And never in the five to six years that he had been with us on this planet, had it ever taken that long to de-escalate. I was like, What is this magic?
What is this magic thing? And how can I help more kids with it? And then I discovered that there was no children’s yoga for differently abled children. So I thought that’s not okay, kids. kiddo, like my son, and someone who’s in a wheelchair, and maybe someone who’s afraid or they need their own space. And so I decided to learn how to teach kids yoga. And three, four certifications later and 1000 hours of training. I’m, a certified yoga instructor and I’m doing my own training. Now I’m training the teachers to take this program and go out so that more kids and more young people can get access to this.

So what is it about the breathing that worked? What was the magic?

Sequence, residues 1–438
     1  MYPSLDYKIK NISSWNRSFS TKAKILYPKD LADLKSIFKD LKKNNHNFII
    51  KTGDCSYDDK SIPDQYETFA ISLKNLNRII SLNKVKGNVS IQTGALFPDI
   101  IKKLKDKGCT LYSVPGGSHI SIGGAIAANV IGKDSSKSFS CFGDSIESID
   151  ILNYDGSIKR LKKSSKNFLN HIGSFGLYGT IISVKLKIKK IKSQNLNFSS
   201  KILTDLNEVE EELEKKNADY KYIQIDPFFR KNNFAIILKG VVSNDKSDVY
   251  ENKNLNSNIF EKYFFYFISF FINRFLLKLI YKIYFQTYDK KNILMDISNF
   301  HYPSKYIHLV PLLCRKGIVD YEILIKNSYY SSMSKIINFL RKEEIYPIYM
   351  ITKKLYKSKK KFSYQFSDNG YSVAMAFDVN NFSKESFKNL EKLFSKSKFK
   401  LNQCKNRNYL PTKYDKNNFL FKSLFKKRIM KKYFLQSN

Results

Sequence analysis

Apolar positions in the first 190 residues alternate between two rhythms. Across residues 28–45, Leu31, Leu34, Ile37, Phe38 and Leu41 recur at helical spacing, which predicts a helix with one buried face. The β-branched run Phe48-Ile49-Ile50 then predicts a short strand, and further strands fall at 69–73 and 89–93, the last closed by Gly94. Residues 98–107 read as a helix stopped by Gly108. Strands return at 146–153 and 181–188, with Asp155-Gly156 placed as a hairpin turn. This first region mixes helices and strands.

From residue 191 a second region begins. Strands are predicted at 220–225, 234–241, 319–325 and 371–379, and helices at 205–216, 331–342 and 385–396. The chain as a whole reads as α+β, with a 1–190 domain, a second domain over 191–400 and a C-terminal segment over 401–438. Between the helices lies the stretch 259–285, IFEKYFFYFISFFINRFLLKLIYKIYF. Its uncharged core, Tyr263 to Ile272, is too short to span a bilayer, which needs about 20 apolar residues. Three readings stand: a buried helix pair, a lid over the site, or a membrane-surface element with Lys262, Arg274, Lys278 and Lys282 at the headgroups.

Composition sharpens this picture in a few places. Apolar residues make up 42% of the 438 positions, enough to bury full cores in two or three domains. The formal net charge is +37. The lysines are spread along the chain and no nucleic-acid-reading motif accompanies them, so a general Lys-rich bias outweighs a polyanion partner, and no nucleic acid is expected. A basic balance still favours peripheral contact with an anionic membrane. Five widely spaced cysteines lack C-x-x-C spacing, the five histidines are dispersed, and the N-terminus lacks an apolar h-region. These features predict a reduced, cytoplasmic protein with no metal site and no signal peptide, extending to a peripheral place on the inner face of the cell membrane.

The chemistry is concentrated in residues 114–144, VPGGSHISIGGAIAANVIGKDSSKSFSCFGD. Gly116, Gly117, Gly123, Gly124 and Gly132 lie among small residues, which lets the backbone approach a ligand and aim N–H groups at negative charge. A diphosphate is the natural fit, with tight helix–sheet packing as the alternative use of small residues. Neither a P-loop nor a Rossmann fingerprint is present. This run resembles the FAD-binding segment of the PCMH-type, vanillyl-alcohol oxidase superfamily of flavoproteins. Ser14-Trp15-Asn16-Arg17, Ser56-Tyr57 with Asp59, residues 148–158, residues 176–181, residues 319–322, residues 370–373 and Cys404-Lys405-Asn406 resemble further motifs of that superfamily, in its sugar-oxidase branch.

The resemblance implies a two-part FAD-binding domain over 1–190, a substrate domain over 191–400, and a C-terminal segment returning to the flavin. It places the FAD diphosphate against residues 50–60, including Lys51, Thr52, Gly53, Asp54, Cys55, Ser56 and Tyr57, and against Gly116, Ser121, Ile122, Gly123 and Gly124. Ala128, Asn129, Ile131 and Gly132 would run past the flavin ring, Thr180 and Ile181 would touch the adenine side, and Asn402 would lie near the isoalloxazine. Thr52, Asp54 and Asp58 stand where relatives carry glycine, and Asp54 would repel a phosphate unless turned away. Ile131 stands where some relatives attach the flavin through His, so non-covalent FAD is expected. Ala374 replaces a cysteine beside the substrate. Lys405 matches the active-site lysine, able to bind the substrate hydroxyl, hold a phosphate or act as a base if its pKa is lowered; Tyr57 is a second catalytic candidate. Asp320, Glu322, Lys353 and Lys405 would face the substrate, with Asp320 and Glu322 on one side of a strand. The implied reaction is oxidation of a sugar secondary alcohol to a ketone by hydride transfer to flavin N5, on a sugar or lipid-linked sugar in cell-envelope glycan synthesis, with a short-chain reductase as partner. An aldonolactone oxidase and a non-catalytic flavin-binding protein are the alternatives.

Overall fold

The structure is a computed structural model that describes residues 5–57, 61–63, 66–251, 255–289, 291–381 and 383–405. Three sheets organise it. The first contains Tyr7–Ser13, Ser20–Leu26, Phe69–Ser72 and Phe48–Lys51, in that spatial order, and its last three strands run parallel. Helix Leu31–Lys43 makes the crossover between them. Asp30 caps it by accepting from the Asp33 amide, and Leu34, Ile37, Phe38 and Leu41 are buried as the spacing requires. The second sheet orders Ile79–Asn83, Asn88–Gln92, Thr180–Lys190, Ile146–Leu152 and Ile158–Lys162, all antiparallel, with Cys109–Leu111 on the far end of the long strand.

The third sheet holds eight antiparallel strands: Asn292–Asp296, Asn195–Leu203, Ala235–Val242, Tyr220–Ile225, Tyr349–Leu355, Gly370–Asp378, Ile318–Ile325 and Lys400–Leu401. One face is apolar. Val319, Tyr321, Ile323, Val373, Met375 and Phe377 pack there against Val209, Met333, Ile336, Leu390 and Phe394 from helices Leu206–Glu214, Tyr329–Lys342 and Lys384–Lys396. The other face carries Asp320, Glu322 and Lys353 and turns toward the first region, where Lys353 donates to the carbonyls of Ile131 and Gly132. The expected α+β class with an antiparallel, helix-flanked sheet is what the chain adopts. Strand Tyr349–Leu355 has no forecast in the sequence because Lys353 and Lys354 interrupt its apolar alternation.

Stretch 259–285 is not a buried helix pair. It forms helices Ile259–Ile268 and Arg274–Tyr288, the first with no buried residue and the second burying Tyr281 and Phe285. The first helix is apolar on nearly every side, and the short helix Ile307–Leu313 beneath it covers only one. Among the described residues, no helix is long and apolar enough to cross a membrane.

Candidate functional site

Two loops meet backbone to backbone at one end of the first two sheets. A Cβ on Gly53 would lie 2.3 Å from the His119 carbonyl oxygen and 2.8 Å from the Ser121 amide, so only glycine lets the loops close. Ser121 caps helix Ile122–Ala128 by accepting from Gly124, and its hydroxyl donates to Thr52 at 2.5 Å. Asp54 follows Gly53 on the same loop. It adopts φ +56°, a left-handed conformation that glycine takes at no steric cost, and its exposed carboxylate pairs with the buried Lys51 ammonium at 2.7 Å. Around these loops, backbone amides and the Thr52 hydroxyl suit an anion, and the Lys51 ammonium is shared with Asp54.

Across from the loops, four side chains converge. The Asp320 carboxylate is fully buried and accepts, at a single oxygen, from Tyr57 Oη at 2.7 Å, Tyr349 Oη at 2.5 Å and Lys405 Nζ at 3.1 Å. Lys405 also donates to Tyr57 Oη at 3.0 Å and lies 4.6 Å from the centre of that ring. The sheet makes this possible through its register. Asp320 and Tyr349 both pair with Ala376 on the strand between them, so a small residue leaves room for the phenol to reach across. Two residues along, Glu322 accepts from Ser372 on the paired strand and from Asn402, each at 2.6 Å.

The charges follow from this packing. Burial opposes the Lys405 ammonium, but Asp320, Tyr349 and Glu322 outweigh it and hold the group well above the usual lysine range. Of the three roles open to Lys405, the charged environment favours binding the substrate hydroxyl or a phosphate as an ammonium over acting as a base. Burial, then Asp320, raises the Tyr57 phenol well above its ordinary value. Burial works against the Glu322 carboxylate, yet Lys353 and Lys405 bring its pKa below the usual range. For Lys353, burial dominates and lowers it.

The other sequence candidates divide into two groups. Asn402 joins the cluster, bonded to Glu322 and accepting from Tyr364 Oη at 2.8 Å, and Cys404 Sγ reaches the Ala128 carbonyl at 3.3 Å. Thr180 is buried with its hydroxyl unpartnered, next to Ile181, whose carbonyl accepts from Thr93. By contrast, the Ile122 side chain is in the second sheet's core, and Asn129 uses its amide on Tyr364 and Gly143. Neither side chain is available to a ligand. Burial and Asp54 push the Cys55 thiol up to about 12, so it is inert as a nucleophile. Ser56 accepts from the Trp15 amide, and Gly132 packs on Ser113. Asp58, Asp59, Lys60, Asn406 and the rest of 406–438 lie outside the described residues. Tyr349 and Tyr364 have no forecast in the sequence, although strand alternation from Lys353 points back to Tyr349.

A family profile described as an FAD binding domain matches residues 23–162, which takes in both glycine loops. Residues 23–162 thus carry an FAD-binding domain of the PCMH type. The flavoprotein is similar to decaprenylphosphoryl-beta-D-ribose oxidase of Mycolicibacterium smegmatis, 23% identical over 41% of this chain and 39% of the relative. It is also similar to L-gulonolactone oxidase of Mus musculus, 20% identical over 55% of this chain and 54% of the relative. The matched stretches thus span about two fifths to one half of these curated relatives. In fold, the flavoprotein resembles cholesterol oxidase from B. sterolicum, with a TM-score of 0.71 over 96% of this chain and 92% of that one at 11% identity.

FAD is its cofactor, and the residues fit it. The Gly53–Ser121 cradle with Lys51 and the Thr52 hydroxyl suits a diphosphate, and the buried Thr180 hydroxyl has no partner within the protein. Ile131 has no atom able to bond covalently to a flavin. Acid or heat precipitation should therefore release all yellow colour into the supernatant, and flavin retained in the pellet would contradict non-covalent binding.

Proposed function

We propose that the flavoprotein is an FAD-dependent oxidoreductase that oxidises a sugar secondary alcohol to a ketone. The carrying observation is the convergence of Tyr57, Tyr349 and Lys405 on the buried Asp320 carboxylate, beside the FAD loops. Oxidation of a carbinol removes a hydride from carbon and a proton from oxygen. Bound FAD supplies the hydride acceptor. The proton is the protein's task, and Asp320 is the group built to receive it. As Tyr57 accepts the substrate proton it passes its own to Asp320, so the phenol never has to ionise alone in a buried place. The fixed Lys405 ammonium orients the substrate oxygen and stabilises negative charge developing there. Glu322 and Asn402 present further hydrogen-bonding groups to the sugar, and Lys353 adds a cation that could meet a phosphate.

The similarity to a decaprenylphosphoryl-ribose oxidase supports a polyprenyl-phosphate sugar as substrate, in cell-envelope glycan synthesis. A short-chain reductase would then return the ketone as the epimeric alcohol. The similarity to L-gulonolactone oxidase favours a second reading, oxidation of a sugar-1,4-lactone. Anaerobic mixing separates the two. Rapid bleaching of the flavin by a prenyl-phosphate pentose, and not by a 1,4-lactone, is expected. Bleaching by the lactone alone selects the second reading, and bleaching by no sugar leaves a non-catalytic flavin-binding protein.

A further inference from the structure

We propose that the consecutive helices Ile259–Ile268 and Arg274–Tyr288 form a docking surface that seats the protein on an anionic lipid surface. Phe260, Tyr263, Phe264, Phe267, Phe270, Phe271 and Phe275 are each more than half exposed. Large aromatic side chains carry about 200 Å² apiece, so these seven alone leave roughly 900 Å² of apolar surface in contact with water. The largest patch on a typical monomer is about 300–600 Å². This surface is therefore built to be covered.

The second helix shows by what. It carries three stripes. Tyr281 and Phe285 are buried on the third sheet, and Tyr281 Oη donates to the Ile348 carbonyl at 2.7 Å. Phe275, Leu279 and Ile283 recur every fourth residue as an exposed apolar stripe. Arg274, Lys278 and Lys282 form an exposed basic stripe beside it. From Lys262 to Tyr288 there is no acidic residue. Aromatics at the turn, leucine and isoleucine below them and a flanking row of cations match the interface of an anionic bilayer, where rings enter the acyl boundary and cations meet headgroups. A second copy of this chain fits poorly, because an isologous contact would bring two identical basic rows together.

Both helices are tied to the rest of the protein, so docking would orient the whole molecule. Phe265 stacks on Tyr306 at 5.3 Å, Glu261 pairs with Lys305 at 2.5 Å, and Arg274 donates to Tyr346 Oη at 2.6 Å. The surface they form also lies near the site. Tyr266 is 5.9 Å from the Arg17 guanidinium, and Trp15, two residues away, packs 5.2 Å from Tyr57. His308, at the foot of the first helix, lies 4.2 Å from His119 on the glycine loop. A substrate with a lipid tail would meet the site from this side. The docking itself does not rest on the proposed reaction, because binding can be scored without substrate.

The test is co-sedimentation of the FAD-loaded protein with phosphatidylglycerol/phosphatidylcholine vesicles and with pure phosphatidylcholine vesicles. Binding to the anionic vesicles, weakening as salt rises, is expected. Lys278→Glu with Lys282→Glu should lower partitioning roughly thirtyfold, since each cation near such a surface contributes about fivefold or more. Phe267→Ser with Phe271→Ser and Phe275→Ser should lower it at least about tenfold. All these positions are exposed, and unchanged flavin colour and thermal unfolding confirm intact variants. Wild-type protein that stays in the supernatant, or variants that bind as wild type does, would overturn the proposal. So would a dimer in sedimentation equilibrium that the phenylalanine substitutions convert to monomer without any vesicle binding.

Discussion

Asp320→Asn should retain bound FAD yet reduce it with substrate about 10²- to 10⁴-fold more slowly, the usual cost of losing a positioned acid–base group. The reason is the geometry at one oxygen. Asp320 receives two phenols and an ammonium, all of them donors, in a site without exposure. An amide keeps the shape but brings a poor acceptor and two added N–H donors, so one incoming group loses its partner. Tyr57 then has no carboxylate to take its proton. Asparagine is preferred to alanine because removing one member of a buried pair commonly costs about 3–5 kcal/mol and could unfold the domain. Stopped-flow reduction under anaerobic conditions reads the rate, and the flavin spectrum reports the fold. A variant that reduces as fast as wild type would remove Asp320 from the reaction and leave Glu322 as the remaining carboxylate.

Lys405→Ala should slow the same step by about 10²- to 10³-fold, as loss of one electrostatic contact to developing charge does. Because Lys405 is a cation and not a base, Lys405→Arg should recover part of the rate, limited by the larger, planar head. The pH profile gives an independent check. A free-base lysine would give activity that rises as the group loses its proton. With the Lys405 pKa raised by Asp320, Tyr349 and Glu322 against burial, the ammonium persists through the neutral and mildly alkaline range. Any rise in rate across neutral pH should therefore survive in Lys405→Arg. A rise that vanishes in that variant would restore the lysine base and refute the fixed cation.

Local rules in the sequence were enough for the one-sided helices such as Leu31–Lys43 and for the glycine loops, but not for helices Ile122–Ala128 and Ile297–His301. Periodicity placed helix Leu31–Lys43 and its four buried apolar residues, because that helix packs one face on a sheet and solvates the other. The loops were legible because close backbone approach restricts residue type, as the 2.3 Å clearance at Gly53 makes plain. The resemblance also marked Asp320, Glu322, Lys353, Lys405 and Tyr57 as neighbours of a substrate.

So the magic honestly comes down to really basic biology, which is, when you are anxious when you are stressed, when you are angry, your breath gets shorter. Right? You don’t do big deep breaths when you’re in an escalated emotional state happy or sad or whatever. But when you’re escalated, you don’t take those big breaths. You’re depriving your body of oxygen. And so your body starts thinking that there’s something wrong because I can’t get enough air. And so your physical body starts to feel like there’s a problem. And it just adds to the emotional mental state when my body’s telling me that there’s a problem. 

So by bringing slower breaths, bigger breaths and training ourselves to make it on a subconscious level that you, your body automatically knows when it hits that point it actually needs to stop and take a big breath. That that’s the part that takes time. But it’s that stopping to take a big breath that actually slams brakes on that biological response. It says, hang on, no, we’re okay. See, I just took another big deep breath. We’re not we’re not in peril, right? Nothing bad is happening too.